First, Do No Harm: Why Philanthropy Needs to Re-Examine Its Role in Reproductive Equity and Racial Justice

Health Equity. 2020 Mar 12;4(1):17-22. doi: 10.1089/heq.2019.0094. eCollection 2020.


The philanthropic-industrial complex fosters the belief that the most marginalized communities lack an existing repository of historical and contemporary knowledge to address social and health inequities. In so doing, philanthropy has contributed to the diminishing political power, legitimacy, and effectiveness of community voices and leadership in reproductive equity through research injustice, cultural arrogance, philanthropic redlining, and community harm. Black Feminism and Reproductive Justice, as mutually aligned theories and praxes, are described as new ethical standards for philanthropic accountability. Funders must embody the equity they aspire to see and build through the operationalization of cultural rigor to advance structural equity and racial justice and to sustain community engagement in research.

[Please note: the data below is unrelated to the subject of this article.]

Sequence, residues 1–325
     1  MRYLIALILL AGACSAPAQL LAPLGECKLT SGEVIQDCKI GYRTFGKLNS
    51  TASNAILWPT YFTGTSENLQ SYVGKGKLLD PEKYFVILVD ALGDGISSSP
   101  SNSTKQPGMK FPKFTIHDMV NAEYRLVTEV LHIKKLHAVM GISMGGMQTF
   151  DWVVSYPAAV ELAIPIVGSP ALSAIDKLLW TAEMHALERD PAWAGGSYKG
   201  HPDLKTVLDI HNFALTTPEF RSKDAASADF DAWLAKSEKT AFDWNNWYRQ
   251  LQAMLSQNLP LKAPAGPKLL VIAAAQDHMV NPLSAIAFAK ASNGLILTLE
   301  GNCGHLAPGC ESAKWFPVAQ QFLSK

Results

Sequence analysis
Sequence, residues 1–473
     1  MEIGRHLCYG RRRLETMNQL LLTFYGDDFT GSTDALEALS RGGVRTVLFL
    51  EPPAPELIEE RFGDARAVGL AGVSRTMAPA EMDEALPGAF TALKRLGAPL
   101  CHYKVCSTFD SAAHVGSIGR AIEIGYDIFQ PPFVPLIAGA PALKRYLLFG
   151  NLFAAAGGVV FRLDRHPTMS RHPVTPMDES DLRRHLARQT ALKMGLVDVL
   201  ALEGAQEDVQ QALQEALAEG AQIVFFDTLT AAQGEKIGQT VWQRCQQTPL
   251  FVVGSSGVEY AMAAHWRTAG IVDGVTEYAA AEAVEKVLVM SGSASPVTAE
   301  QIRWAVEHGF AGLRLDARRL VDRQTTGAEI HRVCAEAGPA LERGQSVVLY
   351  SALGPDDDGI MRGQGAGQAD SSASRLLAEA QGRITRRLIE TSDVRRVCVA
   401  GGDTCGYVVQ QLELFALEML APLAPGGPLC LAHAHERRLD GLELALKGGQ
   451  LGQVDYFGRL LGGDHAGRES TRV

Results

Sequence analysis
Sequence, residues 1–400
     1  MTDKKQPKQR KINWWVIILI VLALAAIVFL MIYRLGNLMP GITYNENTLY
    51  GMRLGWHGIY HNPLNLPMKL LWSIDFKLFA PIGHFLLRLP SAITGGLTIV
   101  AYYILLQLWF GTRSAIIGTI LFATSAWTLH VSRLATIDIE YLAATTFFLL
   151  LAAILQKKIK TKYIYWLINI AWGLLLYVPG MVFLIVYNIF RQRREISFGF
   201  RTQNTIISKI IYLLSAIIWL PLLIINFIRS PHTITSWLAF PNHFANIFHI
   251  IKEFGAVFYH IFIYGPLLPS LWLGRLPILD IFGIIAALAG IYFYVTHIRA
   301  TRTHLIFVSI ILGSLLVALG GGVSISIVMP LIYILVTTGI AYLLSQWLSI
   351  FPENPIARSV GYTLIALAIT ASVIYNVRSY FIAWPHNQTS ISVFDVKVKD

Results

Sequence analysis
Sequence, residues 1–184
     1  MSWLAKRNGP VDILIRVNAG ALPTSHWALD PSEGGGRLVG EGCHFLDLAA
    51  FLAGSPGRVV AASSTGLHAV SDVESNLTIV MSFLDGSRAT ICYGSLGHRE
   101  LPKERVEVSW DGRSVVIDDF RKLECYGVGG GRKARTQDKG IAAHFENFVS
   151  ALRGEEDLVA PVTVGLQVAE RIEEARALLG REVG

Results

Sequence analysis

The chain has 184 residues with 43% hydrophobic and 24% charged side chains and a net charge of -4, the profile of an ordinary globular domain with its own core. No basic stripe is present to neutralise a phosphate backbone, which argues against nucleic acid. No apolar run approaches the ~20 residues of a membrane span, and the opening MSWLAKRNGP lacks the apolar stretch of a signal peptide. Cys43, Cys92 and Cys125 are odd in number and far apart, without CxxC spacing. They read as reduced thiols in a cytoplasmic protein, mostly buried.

Keywords: cultural rigor; philanthropy; racial justice; reproductive equity.